- Credit Rating: What It Is and Why It’s Important to Investors – Investopedia
- Dollar shrugs off Fitch’s U.S. downgrade, advances on strong jobs data – Reuters
- Fitch downgrades US rating: How will this impact India and other markets? – The Indian Express
- Editorial. Debt, dollar and downgrade – Businessline
- Sharp sell off. Fitch Rating’s historic US credit rating downgrade rattles Indian equities – Businessline
- Fitch downgrades US credit rating: Here’s what market experts, economists make of it – Mint
What is your opinion on this?
(Only subscribers can participate in polls)
a) The US’s credit rating downgrade is bad news for the global economy.
b) The US’s credit rating downgrade isn’t bad news for the global economy.
🕵️ BEYOND ECHO CHAMBERS
For the Right:
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For the Left:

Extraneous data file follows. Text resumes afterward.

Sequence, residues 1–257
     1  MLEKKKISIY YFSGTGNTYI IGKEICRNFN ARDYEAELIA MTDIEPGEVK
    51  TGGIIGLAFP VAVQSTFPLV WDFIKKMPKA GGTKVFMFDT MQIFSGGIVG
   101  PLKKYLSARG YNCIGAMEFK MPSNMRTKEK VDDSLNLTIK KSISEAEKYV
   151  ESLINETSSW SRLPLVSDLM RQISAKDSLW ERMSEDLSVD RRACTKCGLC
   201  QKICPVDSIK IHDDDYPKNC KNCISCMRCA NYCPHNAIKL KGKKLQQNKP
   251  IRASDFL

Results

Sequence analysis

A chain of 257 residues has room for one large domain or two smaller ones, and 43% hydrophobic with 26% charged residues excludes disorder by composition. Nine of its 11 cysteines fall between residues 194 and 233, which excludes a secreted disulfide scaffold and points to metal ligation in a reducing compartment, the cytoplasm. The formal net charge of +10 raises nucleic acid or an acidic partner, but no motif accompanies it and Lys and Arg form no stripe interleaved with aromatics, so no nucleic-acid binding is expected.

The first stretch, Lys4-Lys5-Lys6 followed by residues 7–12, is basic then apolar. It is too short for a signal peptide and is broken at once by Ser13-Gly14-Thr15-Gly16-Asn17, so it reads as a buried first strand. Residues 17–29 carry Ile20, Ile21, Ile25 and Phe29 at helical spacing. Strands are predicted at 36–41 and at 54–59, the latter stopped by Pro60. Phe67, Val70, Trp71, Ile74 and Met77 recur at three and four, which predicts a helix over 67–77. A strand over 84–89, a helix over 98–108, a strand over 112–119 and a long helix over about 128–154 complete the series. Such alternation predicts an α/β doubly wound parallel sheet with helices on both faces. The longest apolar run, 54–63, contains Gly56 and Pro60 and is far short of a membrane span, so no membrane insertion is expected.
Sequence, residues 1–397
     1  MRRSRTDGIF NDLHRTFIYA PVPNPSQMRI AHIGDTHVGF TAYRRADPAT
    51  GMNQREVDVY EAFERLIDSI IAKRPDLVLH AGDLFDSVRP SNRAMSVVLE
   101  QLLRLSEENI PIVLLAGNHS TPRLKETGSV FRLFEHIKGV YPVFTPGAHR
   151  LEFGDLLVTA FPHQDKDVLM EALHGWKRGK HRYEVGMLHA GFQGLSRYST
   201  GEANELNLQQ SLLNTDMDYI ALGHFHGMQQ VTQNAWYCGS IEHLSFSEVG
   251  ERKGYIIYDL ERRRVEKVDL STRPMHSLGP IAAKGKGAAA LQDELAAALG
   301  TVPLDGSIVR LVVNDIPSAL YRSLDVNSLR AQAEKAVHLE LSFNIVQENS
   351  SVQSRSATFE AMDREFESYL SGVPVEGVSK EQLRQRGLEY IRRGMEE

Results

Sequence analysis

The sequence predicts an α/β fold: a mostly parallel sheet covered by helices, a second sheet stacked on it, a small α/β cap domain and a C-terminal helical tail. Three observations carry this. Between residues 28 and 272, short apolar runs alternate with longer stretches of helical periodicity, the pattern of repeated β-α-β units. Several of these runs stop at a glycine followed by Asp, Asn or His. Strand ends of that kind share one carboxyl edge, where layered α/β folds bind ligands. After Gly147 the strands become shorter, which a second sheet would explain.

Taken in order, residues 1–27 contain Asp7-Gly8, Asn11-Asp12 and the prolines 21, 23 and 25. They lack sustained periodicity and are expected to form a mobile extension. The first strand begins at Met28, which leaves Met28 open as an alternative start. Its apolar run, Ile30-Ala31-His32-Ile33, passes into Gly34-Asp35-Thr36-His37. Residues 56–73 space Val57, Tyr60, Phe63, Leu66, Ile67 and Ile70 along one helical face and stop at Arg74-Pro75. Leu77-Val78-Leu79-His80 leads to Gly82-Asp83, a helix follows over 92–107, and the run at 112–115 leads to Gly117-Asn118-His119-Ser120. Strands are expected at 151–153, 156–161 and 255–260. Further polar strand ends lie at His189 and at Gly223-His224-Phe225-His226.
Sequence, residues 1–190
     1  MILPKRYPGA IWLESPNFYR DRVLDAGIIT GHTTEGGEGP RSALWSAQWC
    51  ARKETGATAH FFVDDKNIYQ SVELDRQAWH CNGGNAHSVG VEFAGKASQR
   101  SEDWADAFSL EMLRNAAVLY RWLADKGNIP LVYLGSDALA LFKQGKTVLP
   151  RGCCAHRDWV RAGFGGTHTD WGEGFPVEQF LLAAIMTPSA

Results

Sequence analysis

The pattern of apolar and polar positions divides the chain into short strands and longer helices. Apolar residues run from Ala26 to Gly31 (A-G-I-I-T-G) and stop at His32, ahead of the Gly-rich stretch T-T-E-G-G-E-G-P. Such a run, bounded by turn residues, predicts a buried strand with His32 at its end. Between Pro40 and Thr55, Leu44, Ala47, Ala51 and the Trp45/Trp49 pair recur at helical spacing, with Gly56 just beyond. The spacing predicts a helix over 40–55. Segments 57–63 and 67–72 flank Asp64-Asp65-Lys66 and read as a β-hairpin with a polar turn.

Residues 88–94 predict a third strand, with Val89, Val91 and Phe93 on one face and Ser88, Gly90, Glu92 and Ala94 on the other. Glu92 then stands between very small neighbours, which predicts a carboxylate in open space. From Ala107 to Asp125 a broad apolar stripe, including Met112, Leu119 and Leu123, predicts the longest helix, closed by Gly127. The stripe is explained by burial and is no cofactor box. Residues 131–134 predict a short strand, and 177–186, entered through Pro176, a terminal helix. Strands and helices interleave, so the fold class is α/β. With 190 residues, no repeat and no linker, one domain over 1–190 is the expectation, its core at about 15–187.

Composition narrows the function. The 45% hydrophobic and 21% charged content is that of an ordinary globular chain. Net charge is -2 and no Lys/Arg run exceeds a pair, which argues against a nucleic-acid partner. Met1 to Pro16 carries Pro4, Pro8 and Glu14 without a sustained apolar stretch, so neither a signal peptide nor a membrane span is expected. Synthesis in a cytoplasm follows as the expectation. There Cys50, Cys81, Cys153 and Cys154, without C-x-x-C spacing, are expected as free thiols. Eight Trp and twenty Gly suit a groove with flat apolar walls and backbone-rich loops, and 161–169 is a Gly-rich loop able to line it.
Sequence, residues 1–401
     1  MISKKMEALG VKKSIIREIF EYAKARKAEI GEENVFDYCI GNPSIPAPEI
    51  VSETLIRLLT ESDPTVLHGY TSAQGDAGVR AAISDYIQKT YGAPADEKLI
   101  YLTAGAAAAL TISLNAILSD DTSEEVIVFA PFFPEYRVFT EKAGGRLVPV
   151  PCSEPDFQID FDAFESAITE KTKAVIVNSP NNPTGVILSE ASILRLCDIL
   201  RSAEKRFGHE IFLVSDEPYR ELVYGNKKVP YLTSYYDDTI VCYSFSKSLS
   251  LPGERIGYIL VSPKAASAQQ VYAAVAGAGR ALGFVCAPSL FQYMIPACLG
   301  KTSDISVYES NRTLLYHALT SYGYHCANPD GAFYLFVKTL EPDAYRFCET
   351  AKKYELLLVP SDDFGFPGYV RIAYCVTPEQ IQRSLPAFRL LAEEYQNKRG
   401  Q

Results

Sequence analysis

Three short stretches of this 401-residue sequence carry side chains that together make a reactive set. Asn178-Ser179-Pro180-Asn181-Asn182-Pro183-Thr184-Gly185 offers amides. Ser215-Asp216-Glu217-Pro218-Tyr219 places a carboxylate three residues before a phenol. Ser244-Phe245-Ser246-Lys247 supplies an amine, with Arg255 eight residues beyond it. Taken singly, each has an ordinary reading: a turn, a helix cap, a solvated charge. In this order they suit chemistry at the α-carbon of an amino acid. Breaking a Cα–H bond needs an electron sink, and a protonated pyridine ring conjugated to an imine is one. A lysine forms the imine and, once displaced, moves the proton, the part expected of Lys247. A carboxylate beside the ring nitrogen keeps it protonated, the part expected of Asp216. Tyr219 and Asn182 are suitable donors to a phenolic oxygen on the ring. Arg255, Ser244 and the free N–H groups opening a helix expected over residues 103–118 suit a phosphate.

Why Delhi Services Bill is timely
🇮🇳 STATE OF THE STATES
Rebuilding the state (Himachal Pradesh) – The recent rains in the state, the heaviest in 50 years, have left Himachal battered and bruised. As the rains began, the state evacuated over 75,000 people in 48 hours. Chief Minister Sukhvinder Singh Sukhu personally helped in the rescue and relief efforts. The estimated loss is about ₹8,000 crore, with damages to drinking water supply, power, and irrigation facilities.
Why it matters: According to Sukhu, it’ll take over a year to rebuild the state, starting with restoring the people’s confidence. Village roads were washed away and the government will have to rebuild all of them. Tourism will be impacted – some places like Dharmashala are open while places like Kullu and Manali will be affected.